Research Paper Volume 13, Issue 3 pp 3254—3268

Examining sleep deficiency and disturbance and their risk for incident dementia and all-cause mortality in older adults across 5 years in the United States

Estimated survival curves displaying the relationships between sleep variables and incident dementia, adjusting for covariates, which were found to be significant in the Cox hazard proportional models. (A) Survival curve from the Cox model examining incident dementia and sleep latency, adjusting for covariates. Sleep latency >30 minutes, as compared to B) Survival curve from Cox model examining incident dementia and sleep duration, adjusting for covariates. Sleep duration ≤5 hours, compared to 7-8 hours, was associated a greater risk of incident dementia (p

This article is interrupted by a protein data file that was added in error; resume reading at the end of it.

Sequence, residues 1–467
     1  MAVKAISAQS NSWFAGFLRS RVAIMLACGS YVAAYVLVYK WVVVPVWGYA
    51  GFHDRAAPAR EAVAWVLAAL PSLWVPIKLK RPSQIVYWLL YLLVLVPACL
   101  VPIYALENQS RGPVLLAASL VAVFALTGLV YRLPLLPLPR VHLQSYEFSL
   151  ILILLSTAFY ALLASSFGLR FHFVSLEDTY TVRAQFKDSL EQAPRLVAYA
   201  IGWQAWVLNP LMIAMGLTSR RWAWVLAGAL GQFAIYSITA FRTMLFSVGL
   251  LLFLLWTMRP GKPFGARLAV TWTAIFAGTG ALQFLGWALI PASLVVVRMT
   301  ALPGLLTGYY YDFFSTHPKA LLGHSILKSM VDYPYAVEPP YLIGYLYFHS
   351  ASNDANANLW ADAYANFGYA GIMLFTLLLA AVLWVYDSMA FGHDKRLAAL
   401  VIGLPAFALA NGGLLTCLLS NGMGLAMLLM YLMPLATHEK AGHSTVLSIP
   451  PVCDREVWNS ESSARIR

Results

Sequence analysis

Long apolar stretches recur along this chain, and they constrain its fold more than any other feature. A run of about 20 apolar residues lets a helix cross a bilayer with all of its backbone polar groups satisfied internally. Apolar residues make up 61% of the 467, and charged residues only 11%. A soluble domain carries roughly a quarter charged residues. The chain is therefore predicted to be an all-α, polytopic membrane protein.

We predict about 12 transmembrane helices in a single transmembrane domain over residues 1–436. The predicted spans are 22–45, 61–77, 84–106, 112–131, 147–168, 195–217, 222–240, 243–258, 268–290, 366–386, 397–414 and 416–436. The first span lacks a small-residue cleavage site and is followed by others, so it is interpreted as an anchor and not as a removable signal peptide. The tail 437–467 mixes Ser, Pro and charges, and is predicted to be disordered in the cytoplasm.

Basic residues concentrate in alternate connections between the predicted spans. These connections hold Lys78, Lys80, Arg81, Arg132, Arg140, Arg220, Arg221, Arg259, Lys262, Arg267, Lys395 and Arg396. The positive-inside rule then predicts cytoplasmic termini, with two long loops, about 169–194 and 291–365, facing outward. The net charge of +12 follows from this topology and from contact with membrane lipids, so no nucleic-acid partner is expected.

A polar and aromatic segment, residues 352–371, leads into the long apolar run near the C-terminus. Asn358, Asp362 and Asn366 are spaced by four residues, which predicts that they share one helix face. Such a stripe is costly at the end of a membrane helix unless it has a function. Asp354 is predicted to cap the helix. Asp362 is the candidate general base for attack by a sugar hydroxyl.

Figure 1. Estimated survival curves displaying the relationships between sleep variables and incident dementia, adjusting for covariates, which were found to be significant in the Cox hazard proportional models. (A) Survival curve from the Cox model examining incident dementia and sleep latency, adjusting for covariates. Sleep latency >30 minutes, as compared to <15 minutes, was associated a greater risk of incident dementia (p<0.05). (B) Survival curve from Cox model examining incident dementia and sleep duration, adjusting for covariates. Sleep duration ≤5 hours, compared to 7-8 hours, was associated a greater risk of incident dementia (p<0.01).